Lactose intolerance risk; probably darker-skinned, Asian ancestry; Dry earwax, no body odor, likely Asian ancestry; introversion; depression resistent; coumadin resistance; lower OCD risk, higher ADHD risk, more alcohol dependence; lower risk of postoperative nausea; increased obesity; 3.23x risk for Alzheimer’s; increased risk for type-2 diabetes; increased risk of developing rheumatoid arthritis; 3x higher risk for age-related macular degeneration; higher risk for glaucoma; reduced risk for bipolar disorder;
rs1154155(G,G) – 2.5x increased risk for narcolepsy – however, the previous auto-immunity causes Narcolepsy finding was retracted after I had run this report, and this SNP was apparently associated with the T-Cell receptor that had been discovered leading to the original report of Narcolepsy being auto-immune. Associated with the SNP, it does note that including this newly discovered T cell receptor gene, a person has only a 1.5 percent chance of developing Narcolepsy…
rs3758391(T,T) – Increased longevity. Less mental decline with age. rs17070145(T;T) – greatly increased memory performance. 4.5x increased myopathy risk for statin users. rs738409(C;C) – less common, better at detoxing alcohol. gs104 – Restless Legs Syndrome risk. rs10464059(A;A) – increased risk of developing Parkinson’s Disease rs1042522(C;G) – Slightly increased lifespan. rs3819331(C;T) increased risk of autism.
gs132 - A blood group; gs159 - CYP1A2 fast metabolizer, means that you are less stimulated by caffeine.
And, along the way, there were also various SNPs that contradict the above sampling of SNPs….
Wasn’t sure what I should look for though related to my current problems though…
Later at the July 21st, appointment and having the diagnosis…along with its spelling, and having saved the Promothease interactive report locally on my Chromebook. I searched it to see what it would find on Spinocerebellar Ataxia.
There were two hits. rs72554634(-;T) Mutation of a putative mitochrondrial iron transporter gene (ABC7) in X – linked sideroblastic anemia and ataxia. And, rs29001665(C;C) - apparently associated with Spinocerebellar Ataxia autosomal recessive 1, whatever that is. Meanwhile, there were too many to count (>50 hits) for Thalassemia….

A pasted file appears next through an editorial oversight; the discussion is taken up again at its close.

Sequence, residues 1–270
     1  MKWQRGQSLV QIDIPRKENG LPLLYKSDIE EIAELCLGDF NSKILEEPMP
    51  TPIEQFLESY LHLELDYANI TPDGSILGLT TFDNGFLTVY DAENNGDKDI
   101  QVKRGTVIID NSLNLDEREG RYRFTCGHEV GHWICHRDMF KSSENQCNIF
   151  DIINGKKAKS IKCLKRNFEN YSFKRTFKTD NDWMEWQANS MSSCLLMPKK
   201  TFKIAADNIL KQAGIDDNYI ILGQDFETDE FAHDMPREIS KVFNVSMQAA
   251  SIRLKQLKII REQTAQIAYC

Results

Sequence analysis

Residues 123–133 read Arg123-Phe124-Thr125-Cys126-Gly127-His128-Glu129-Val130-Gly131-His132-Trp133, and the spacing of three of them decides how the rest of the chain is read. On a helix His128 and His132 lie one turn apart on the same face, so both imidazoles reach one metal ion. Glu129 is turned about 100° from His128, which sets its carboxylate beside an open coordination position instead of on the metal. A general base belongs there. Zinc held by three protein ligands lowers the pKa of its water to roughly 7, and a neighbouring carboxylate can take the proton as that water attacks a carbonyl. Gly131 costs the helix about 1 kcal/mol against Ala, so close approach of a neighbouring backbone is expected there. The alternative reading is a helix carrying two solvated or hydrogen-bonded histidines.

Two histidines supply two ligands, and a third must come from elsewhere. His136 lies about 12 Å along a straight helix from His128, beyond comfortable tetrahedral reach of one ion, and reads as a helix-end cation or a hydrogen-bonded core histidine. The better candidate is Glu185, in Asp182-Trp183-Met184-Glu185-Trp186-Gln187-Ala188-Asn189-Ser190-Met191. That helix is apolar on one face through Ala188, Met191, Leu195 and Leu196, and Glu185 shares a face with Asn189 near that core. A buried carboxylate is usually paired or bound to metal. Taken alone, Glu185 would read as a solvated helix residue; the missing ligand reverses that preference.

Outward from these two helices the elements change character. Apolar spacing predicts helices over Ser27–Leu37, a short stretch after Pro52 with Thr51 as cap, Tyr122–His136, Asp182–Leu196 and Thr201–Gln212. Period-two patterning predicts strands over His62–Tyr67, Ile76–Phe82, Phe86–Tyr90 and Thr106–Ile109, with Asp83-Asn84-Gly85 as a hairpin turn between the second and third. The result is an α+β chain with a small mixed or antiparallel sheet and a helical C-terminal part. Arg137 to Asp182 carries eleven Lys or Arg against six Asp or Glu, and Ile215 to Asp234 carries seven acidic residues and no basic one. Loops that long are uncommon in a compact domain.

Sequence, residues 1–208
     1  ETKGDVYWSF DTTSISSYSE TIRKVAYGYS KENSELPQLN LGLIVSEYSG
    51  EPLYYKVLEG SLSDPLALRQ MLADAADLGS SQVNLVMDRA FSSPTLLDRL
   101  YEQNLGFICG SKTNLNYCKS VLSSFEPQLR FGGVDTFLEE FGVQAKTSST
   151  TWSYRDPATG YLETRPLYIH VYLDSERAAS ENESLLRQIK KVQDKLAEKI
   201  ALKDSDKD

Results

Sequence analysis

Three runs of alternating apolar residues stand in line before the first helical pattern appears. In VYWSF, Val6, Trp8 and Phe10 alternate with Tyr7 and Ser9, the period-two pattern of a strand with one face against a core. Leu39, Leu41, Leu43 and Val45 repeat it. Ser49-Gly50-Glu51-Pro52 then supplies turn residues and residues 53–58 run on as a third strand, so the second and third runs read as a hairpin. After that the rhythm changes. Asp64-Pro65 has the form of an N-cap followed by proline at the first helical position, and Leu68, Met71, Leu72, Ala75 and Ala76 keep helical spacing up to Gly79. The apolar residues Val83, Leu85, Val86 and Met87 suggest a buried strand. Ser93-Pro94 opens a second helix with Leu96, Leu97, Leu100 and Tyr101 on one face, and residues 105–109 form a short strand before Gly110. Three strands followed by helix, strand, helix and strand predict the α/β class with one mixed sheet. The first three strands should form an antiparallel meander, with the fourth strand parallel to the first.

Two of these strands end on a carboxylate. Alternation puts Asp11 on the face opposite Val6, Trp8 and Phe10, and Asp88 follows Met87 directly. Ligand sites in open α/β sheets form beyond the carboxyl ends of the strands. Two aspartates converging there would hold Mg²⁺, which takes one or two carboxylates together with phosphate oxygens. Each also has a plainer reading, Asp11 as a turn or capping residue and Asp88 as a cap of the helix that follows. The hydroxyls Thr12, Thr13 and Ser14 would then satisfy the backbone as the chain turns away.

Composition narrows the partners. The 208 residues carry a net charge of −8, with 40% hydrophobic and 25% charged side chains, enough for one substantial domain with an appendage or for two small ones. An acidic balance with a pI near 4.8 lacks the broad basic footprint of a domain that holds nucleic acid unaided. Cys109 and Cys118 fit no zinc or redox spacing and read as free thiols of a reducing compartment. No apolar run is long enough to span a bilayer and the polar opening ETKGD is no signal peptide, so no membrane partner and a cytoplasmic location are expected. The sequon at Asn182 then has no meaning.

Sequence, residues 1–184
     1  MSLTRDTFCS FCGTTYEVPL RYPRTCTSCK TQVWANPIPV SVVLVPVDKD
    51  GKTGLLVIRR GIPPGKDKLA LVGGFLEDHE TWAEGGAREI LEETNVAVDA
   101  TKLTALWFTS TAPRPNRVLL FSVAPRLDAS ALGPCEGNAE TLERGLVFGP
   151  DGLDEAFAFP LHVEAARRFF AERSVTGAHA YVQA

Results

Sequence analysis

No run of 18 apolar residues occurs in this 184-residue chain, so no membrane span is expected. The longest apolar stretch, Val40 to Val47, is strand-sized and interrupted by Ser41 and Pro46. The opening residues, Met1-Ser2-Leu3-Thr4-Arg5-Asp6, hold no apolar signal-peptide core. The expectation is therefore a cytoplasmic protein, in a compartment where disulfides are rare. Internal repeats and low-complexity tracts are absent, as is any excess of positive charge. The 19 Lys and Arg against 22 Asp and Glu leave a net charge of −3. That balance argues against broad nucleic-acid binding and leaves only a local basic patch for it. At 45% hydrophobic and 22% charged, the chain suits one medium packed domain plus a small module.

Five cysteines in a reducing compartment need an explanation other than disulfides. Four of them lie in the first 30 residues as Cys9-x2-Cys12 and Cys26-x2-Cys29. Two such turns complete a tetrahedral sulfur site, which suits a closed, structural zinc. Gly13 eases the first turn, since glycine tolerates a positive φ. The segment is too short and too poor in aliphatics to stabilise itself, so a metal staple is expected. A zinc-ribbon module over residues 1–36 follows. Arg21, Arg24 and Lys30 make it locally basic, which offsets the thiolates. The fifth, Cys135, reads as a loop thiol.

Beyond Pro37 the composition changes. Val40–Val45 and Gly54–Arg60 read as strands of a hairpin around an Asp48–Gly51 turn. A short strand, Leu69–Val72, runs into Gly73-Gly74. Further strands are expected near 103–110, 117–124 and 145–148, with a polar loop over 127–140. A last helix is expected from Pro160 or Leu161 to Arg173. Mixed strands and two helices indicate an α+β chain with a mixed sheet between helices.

So, after some time had passed, and still not sure who all I should pass the news to or whether I fully accepted it. And, how much value would I get from knowing my specific type of SCA. During the initial research phase, I had come across this link: http://www.ncbi.nlm.nih.gov/pmc/articles/PMC2739122/
It was an interesting read/skim, though it has me more confused than I was before…
Well, I basically can still walk, which is pretty much all I can do to get around other than paying for car service (like once $540 for a roundtrip to KUMC…instead of a more typical ~$240 (40/hr), while the usual is ~$240, along with ~$120 roundtrips to see doctors in Topeka.) Or the occasional taxi, and when it works regular transit, though I should probably find out about the special transit someday. Only had a few bad bumps….not really sure how to describe how I banged head on a door jamb on one side of the hallway (last Dec.) Except that it was dark, so I couldn’t tell what vertical was….
Though a couple weeks ago, I did veer left into wall while walking down a long hallway. And, last night as I was leaving working, I almost fell while going up stairs to leave.
I had mentioned once to a neurologist, that I was having trouble with buttons, so often when I wear polos/henleys…I don’t have any of the buttons done up. It was paralleled what was troubling me back in 2000, where I was having more and more trouble making precise mouse clicks. could not achieve convergence. And, more and more, I seem to have trouble getting letter to appear in the correct order when typing. Though I think its these mushy keyboards that are to blame. Been meaning to try out a keyboard with Green Cherry Mx keyswitches. Not sure why I haven’t gotten a Blue Cherry Mx keyboard yet, which I’ve been longing for forever….though I’m currently using a Brown Cherry Mx keyboard, which seems to have helped a bit…at least in the beginning.